Background-In patients with stable coronary artery disease undergoing elective percutaneous coronary intervention, the prognostic value of high-sensitivity cardiac troponin T (hs-cTnT) and the influence of sex remain poorly defined.Methods and Results-Consecutive patients with stable coronary artery disease who underwent elective percutaneous coronary intervention were included. Primary endpoint was all-cause mortality. Unadjusted hazard ratio (HR) in overall and sex-specific population and multivariable adjusted HR were calculated by using Cox proportional hazard models. In a total of 5626 patients, elevated hs-cTnT levels, more than the sex-specific 99th percentile upper reference limit of normal (URL), were observed in 2221 patients (39%) at baseline. During follow-up (median, 14.5 months; 25th-75th percentiles, 6.4-27.2 months), 265 patients died. Mortality was higher in patients with the sex-specific 99th percentile URL compared to those with normal hs-cTnT (17.3% vs 3.4%; HR=6.10; 95% CI, 4.58-8.14; P<0.001). hs-cTnT was an independent predictor of mortality in multivariable adjusted models. The C-statistic was significantly increased by adding hs-cTnT to the basic prediction model for mortality (0.793-0.815; P<0.001). There was a significant interaction between hs-cTnT and sex on mortality. Differences in all-cause mortality between patients with more than the sex-specific 99th percentile URL and those with normal hs-cTnT were numerically larger in male than female patients (male, HR=6.45; 95% CI, 4.68-8.87, P<0.001; female, HR=4.29, 95% CI, 2.36-9.03; P<0.001).Conclusions-In patients with stable coronary artery disease undergoing elective percutaneous coronary intervention, preprocedural hs-cTnT was a strong predictor of mortality in both men and women.

Prognostic Value of Cardiac Troponin T and Sex in Patients Undergoing Elective Percutaneous Coronary Intervention

Giacoppo, Daniele;
2016-01-01

Abstract

Background-In patients with stable coronary artery disease undergoing elective percutaneous coronary intervention, the prognostic value of high-sensitivity cardiac troponin T (hs-cTnT) and the influence of sex remain poorly defined.Methods and Results-Consecutive patients with stable coronary artery disease who underwent elective percutaneous coronary intervention were included. Primary endpoint was all-cause mortality. Unadjusted hazard ratio (HR) in overall and sex-specific population and multivariable adjusted HR were calculated by using Cox proportional hazard models. In a total of 5626 patients, elevated hs-cTnT levels, more than the sex-specific 99th percentile upper reference limit of normal (URL), were observed in 2221 patients (39%) at baseline. During follow-up (median, 14.5 months; 25th-75th percentiles, 6.4-27.2 months), 265 patients died. Mortality was higher in patients with the sex-specific 99th percentile URL compared to those with normal hs-cTnT (17.3% vs 3.4%; HR=6.10; 95% CI, 4.58-8.14; P<0.001). hs-cTnT was an independent predictor of mortality in multivariable adjusted models. The C-statistic was significantly increased by adding hs-cTnT to the basic prediction model for mortality (0.793-0.815; P<0.001). There was a significant interaction between hs-cTnT and sex on mortality. Differences in all-cause mortality between patients with more than the sex-specific 99th percentile URL and those with normal hs-cTnT were numerically larger in male than female patients (male, HR=6.45; 95% CI, 4.68-8.87, P<0.001; female, HR=4.29, 95% CI, 2.36-9.03; P<0.001).Conclusions-In patients with stable coronary artery disease undergoing elective percutaneous coronary intervention, preprocedural hs-cTnT was a strong predictor of mortality in both men and women.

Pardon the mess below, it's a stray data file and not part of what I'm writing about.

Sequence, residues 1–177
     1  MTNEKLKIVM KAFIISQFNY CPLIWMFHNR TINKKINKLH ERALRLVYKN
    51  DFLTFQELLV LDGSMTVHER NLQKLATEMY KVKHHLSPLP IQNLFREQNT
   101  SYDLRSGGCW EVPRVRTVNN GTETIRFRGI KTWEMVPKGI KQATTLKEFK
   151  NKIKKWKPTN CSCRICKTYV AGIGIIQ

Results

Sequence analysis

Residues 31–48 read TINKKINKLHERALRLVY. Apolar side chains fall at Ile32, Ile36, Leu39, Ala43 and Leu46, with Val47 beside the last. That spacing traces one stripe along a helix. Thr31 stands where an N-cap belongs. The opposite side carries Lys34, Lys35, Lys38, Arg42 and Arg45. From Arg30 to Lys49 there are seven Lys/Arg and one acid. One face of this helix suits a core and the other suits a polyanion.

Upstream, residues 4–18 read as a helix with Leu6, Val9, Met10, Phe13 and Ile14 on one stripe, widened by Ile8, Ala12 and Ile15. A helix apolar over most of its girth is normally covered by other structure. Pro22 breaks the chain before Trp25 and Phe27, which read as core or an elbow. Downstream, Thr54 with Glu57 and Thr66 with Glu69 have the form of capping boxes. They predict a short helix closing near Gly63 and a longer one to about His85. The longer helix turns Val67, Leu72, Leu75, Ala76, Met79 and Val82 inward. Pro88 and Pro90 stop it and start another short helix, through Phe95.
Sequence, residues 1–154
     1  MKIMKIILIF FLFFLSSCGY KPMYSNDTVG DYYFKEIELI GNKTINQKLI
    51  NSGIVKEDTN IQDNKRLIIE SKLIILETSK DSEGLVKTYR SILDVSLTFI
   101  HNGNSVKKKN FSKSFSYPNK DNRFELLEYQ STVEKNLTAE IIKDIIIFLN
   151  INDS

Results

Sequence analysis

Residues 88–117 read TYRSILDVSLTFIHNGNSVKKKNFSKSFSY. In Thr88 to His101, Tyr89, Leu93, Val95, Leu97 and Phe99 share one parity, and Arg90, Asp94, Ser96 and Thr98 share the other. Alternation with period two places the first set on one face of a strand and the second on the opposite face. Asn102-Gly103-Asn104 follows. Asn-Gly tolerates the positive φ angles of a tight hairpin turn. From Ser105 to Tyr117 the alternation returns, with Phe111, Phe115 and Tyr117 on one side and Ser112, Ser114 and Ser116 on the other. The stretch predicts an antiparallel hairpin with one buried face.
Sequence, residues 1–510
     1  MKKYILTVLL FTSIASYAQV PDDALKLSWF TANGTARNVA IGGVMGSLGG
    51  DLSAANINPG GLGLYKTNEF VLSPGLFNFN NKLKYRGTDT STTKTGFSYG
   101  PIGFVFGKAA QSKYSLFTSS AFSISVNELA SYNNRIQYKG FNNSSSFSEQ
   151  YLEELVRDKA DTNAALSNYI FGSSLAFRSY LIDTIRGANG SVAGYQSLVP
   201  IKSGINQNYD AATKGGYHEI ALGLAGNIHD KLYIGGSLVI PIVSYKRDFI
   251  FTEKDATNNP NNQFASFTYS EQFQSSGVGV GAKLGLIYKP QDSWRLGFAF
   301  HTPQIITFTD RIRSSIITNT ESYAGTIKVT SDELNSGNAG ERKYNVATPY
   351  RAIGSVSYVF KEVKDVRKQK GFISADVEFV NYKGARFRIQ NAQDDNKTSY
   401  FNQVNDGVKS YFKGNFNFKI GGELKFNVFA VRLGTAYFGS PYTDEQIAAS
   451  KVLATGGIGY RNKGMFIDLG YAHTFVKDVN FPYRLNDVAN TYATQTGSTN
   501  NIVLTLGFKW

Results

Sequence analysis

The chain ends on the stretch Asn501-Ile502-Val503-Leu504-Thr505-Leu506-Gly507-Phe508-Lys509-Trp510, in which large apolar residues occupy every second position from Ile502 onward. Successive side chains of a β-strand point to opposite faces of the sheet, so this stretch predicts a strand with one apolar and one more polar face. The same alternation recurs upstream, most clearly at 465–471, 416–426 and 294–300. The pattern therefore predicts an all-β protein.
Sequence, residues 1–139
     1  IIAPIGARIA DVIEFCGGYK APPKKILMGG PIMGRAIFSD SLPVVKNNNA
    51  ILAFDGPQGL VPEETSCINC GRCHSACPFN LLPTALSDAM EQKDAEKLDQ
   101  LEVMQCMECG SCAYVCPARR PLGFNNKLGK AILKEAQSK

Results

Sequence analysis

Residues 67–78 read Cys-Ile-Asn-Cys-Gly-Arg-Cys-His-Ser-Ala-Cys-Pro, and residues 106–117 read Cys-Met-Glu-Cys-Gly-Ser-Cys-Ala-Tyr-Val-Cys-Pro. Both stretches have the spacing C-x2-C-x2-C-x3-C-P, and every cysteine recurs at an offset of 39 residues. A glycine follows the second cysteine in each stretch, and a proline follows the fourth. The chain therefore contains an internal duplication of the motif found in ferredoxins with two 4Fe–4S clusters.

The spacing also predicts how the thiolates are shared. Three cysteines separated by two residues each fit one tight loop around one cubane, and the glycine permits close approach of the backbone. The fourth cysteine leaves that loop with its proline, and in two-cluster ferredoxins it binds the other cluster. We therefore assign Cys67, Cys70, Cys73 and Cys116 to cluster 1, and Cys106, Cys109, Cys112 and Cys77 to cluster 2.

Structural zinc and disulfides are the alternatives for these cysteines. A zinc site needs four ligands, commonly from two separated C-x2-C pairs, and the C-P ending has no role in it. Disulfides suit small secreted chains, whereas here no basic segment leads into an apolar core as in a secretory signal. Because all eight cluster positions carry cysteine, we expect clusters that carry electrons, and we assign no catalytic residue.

2016
percutaneous coronary intervention
sex
stable coronary artery disease
troponin T
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Utilizza questo identificativo per citare o creare un link a questo documento: https://hdl.handle.net/20.500.11769/590176
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